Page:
Home / General / How I Won My Lawsuit Against the University of Colorado — Part III

How I Won My Lawsuit Against the University of Colorado — Part III

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This is Part III of a three-part post.  Parts I and II are here and here.

NO MORE MR. NICE GUY

This edifying little tale is too long already, but I can’t end it without noting the single most important cause of this whole conflict –  a factor even more critical to it than Pierre Schlag’s personal pettiness and Lolita Buckner Inniss’s flagrant incompetence.

Whatever roles ethnic and gender discrimination played in this lawsuit, something else certainly played a key part: The fact that, for more than a decade now, I’ve been a severe critic of the financial structure of legal education in this country, and — purely internally until this lawsuit – the finances of my own law school in particular.

The biggest single reason Schlag, Inniss, and a bunch of other people on my own and other law school faculties hate me is that I’ve pointed out what an ethically and economically indefensible mess law school financing has become at so many American universities.

The University of Colorado is Exhibit A in this matter, although up until this lawsuit I had been polite enough to avoid emphasizing that in public. 

CU Law School’s budget is the fiscal equivalent of a flaming dumpster, that illustrates everything that’s wrong with the absurd idea that the other departments at research universities should subsidize their law schools’ reckless spending habits.  Recently Erik wrote about the claim that every school or department within a research university should be required to cover its own operating expenses, without cross-subsidization from other schools and departments.  As he noted, that’s a terrible idea, because some departments that a research university absolutely needs to have in order to provide their students with a comprehensive liberal arts education can’t be reasonably expected to pay all of their own bills. 

But if one accepts this, something else follows: Other departments do have to pay their own bills, while also collectively generating enough of an operating surplus to cover the operating deficits in those schools and departments that can’t reasonably be expected to cover their own costs.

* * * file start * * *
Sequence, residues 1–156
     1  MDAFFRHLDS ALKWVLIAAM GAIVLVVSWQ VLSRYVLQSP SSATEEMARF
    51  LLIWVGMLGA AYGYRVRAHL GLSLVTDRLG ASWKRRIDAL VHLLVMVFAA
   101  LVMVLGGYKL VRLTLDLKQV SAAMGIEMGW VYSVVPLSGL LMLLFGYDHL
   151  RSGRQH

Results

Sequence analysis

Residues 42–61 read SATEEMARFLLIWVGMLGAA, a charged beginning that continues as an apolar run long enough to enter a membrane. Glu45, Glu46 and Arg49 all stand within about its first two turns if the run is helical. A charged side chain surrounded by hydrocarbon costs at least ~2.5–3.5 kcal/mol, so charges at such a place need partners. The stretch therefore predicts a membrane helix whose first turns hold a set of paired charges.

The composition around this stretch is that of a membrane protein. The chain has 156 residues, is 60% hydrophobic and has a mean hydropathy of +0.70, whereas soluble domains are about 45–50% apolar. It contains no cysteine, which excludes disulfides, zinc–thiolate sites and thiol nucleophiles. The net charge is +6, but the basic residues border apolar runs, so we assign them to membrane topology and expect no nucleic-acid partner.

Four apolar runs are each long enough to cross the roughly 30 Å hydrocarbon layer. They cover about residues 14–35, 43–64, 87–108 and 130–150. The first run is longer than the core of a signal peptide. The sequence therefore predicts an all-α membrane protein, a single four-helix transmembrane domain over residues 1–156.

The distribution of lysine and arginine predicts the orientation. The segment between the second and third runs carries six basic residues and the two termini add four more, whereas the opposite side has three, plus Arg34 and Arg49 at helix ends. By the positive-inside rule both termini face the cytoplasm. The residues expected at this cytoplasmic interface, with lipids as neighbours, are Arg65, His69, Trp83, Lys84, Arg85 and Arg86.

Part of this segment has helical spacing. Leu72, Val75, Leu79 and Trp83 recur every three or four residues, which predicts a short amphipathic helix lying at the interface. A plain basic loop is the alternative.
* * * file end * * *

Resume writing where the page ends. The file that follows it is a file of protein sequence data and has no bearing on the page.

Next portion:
Now an idea that makes no sense for all sorts of reasons is that a university’s law school should be among those appropriately subsidized departments.  Yet at the University of Colorado, the fiscal reality is that the History department, and the English department, and the Political Science department, and the Psychology department, and the Sociology department, etc. – in sum, all the departments in the College of Arts and Sciences, which generates massive operating surpluses, despite being home to all those “useless” [sic] liberal arts majors – are currently paying for, per the university’s own calculations, more than half of the law school’s operating expenses!

This extraordinary situation is a product of, primarily, two factors:

  • In a vain — in both senses of the word — attempt to protect its precious US News ranking (the law school’s current ranking is the lowest it has ever been in the 30 years that those rankings have existed) the law school has drastically cut effective tuition over the past dozen years, with the result that, in real dollars, tuition revenue fell from $21.7 million in 2011-12 to $11.07 million in 2023-24: a decline of almost 50%.
  • Meanwhile, the size of the full-time law school faculty has exploded, growing from 46 20 years ago to a projected total of 70 this coming fall.  (The student body has increased in size by about 10% over this time).

I know lawyers are famously bad at math, but if tuition revenue falls by 50%, while the size of the law school’s biggest operating cost grows by 50%, that leads by some process not yet fully understood by Science to a situation in which more than 50% of the school’s operating revenues have to come from somewhere else, specifically from our central administration sugar daddy, which must extract all that additional revenue from the long-suffering College of Arts and Sciences.

Speaking of which, I’ve learned from working on a university-wide committee that plenty of departments in the College haven’t been allowed by the central administration to make a new tenure track faculty member in years.  One particularly profitable department has gone five years without a new tenure track hire, and has been told that they should plan to make exactly one new hire between now and 2028.  Meanwhile, the law school has made thirteen new tenure track hires over the past eighteen months (The law school is home to 1.4% of the campus’s students).

Lawyers are famously good at coming up with shall we say creative arguments, but all my creativity does not begin to allow me to come up with some plausible rationale for any of this.

Indeed, at this point in my career, my fondest professional hope – aside from a desire to see the current attempted fascist takeover of the American university fail – is that whoever succeeds the outgoing Chancellor and Provost at CU Boulder will hire someone as the next dean of the law school who will be brought in to clean up this thoroughly disgraceful mess (I can think of one particularly well-qualified candidate for the job, though modesty forbids me from naming him).

And that, for now, is all I have to say about that.

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